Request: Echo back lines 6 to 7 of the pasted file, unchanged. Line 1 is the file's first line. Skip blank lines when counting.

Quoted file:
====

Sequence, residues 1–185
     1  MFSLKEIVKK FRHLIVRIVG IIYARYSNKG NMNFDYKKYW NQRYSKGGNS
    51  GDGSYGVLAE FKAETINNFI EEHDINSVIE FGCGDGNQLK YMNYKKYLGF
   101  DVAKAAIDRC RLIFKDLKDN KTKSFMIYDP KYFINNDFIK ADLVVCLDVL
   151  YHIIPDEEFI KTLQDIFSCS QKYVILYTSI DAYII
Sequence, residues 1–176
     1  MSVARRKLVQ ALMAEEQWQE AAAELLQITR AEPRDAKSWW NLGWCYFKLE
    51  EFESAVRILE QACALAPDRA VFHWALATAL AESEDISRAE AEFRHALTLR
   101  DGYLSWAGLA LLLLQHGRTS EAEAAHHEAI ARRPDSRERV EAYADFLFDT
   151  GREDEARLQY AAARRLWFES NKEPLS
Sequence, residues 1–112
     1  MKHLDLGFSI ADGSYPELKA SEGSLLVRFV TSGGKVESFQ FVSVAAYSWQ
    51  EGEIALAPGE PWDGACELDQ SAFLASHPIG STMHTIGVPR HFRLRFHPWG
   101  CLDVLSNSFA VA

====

Sequence, residues 1–176
     1  MSVARRKLVQ ALMAEEQWQE AAAELLQITR AEPRDAKSWW NLGWCYFKLE